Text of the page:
The trial court correctly ruled that there was not a proper foundation laid for the admission of expert testimony.
Under these circumstances, the defendant has failed to establish that the trial court improperly excluded relevant, admissible, and noncumulative evidence that was an integral part of the defense theory. See Patton, 280 Kan. at 156. Thus, we find no error.
Next, the defendant argues that the jury instructions improperly stated the law with regard to premeditation and imperfect self-defense where the jury was not allowed to deliberate both concepts at the same time. The defendant concedes that he did not object to the instructions as given. Under K.S.A. 2005 Supp. 22-3414(3), no party may assign as error the giving or failure to give an instruction, including a lesser included crime instruction, unless the party objects, distinctly stating the matter objected to and the grounds for the objection before the jury retires, unless the instruction is clearly erroneous. "Instructions are clearly erroneous only if the reviewing court is firmly convinced there is a real possibility that the jury would have rendered a different verdict if the error had not occurred." State v. Bell, 280 Kan. 358, 363-65, 121 P.3d 972 (2005).
The trial court instructed the jury on first-degree premeditated murder and the lesser included offenses of second-degree intentional murder, second-degree unintentional murder, voluntary manslaughter, and involuntary manslaughter.
Instruction No. 6 defined first-degree premeditated murder consistent with PIK Crim. 3d 56.01. Instruction No. 7 listed the lesser included offenses of first-degree murder and informed the jury, consistent with PIK Crim. 3d 68.09, that if there was a reasonable doubt as to which of two or more offenses the defendant was guilty, he could be convicted of the lesser offense only. Instruction No. 8 stated: "If you do not agree that the defendant is guilty of the crime of murder in the first degree, you should then consider the lesser included offense of murder in the second degree - intentional," and defined that crime. Instruction No. 9 stated: "If you do not agree that the defendant is guilty of murder in the second degree - intentional, you should then consider the lesser included offense of murder in the second degree - unintentional," and defined that crime. Instruction No. 10 directed the jury: "In determining whether the defendant is guilty of murder in the second degree - intentional and unintentional, you should also consider the lesser offense of voluntary manslaughter," and defined that crime as "an intentional killing done upon an unreasonable but honest belief that circumstances existed that justified deadly force in defense of a person." These instructions were also consistent with PIK.
Instruction No. 17 defined "premeditation" consistent with PIK Crim. 3d 56.04:
"'Premeditation' means to have thought over the matter beforehand, in other words, to have formed the design or intent to kill before the act. Although there is no specific time period required for premeditation, the concept of premeditation requires more than the instantaneous, intentional act of taking another's life."
Instructions No. 18 and 19 informed the jury about self-defense and affirmative defenses consistent with PIK Crim. 3d 52.08 and 54.17 respectively.
During deliberations, the jury sent a note "[a]sking for clarification on premeditation." The trial judge responded: "I am unable to elaborate on the definition of 'Premeditation.' Please review Instruction #17." Defense counsel made no objection to this response.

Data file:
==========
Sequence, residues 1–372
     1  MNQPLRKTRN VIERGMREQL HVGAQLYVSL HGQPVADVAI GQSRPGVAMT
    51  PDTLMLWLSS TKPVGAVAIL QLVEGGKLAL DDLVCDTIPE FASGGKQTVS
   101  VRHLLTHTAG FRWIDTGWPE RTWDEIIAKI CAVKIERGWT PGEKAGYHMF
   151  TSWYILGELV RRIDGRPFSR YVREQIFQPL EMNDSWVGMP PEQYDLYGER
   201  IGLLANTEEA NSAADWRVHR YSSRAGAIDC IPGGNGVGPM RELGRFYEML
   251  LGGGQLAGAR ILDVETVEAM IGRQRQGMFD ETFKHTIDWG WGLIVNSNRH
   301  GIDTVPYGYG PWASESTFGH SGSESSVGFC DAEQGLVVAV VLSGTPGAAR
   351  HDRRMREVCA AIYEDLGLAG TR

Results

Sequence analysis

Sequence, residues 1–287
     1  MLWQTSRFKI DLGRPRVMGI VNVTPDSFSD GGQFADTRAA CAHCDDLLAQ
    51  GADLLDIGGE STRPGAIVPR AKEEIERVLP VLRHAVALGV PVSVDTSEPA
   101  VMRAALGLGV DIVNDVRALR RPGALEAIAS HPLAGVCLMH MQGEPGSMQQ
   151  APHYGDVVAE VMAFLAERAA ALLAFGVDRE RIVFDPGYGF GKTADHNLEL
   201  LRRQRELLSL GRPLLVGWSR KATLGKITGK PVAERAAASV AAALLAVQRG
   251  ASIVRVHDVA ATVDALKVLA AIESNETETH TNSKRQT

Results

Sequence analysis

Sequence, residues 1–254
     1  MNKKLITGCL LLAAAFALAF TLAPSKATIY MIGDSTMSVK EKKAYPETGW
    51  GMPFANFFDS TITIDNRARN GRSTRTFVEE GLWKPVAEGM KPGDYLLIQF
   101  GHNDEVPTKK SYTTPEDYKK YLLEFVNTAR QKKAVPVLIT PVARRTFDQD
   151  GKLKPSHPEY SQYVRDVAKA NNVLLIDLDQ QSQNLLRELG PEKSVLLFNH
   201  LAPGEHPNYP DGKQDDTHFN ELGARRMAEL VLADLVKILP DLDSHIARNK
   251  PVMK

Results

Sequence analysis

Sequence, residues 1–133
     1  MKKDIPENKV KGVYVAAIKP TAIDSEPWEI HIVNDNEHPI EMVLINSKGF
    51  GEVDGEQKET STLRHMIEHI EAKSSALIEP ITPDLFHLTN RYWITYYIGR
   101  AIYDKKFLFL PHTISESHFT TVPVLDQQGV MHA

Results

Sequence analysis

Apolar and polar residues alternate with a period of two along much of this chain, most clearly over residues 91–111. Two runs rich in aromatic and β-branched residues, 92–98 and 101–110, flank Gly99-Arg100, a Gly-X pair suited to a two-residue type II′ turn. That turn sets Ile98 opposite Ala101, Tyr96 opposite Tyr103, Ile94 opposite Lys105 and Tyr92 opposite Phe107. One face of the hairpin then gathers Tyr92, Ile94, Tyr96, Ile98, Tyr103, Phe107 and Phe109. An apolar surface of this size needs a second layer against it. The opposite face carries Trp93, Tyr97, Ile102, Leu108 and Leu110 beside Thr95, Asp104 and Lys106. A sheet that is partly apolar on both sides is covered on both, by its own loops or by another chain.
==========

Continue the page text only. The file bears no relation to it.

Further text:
This court has approved the PIK definition of premeditation in a series of cases. See State v. Martis, 277 Kan. 267, 302, 83 P.3d 1216 (2004); State v. Hebert, 277 Kan. 61, 89, 82 P.3d 470 (2004); State v. Pabst, 273 Kan. 658, 661-63, 44 P.3d 1230, cert. denied 537 U.S. 959 (2002); and State v. Jamison, 269 Kan. 564, 573, 7 P.3d 1204 (2000).
Furthermore, this court has previously approved the PIK method of ordering the jury's deliberation on lesser included offenses in State v. Roberson, 272 Kan. 1143, 1153-55, 38 P.3d 715 (2002), stating: "The pattern instructions offer an orderly method of considering possible verdicts. The pattern instructions offer a transitional statement that can be inserted at the beginning of the elements instructions of lesser offenses."
The defendant takes issue with these cases, arguing that the jury instructions were erroneous because they did not allow the jury to consider imperfect self-defense contemporaneously with premeditated first-degree murder. According to the defendant, the ordering of the jury's deliberations did not allow the jury to reconcile the concepts of premeditation and imperfect self-defense. The defendant contends that he may have premeditated his actions in the sense that he thought them over beforehand but, in doing so, his thought process led him to the honest but unreasonable conclusion that force was necessary. In making this argument, the defendant cites State v. Graham, 275 Kan. 831, 69 P.3d 563 (2003).
In Graham, the defendant was charged with attempted first-degree murder and the jury was instructed on attempted second-degree murder and attempted voluntary manslaughter as lesser included offenses. The jury convicted the defendant of attempted second-degree murder. However, the jury was improperly instructed that it should only consider the lesser included offense of attempted voluntary manslaughter if it did not find the defendant guilty of attempted second-degree murder.
The court held: